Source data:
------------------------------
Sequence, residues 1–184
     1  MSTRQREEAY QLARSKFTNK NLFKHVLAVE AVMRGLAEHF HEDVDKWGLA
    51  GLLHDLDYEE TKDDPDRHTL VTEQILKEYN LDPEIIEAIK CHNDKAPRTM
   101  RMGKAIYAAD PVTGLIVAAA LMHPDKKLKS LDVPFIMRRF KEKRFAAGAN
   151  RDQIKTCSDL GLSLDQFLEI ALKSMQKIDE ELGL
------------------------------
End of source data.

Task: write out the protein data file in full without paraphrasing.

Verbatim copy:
Sequence, residues 1–184
     1  MSTRQREEAY QLARSKFTNK NLFKHVLAVE AVMRGLAEHF HEDVDKWGLA
    51  GLLHDLDYEE TKDDPDRHTL VTEQILKEYN LDPEIIEAIK CHNDKAPRTM
   101  RMGKAIYAAD PVTGLIVAAA LMHPDKKLKS LDVPFIMRRF KEKRFAAGAN
   151  RDQIKTCSDL GLSLDQFLEI ALKSMQKIDE ELGL